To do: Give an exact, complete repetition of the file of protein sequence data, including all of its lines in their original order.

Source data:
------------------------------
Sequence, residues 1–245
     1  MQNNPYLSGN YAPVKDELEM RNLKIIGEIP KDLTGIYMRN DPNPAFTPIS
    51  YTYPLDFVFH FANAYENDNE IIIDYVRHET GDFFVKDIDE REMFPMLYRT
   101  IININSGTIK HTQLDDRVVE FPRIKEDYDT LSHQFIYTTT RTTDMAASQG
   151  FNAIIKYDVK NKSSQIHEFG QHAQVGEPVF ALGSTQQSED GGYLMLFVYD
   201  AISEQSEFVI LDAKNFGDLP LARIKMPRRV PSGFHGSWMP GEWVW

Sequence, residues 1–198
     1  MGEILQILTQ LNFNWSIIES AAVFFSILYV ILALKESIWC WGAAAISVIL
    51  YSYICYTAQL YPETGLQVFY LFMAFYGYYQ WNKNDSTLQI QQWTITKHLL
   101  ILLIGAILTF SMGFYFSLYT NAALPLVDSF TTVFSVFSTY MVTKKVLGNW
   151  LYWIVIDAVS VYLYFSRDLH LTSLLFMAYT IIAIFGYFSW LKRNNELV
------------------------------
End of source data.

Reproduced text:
Sequence, residues 1–245
     1  MQNNPYLSGN YAPVKDELEM RNLKIIGEIP KDLTGIYMRN DPNPAFTPIS
    51  YTYPLDFVFH FANAYENDNE IIIDYVRHET GDFFVKDIDE REMFPMLYRT
   101  IININSGTIK HTQLDDRVVE FPRIKEDYDT LSHQFIYTTT RTTDMAASQG
   151  FNAIIKYDVK NKSSQIHEFG QHAQVGEPVF ALGSTQQSED GGYLMLFVYD
   201  AISEQSEFVI LDAKNFGDLP LARIKMPRRV PSGFHGSWMP GEWVW

Sequence, residues 1–198
     1  MGEILQILTQ LNFNWSIIES AAVFFSILYV ILALKESIWC WGAAAISVIL
    51  YSYICYTAQL YPETGLQVFY LFMAFYGYYQ WNKNDSTLQI QQWTITKHLL
   101  ILLIGAILTF SMGFYFSLYT NAALPLVDSF TTVFSVFSTY MVTKKVLGNW
   151  LYWIVIDAVS VYLYFSRDLH LTSLLFMAYT IIAIFGYFSW LKRNNELV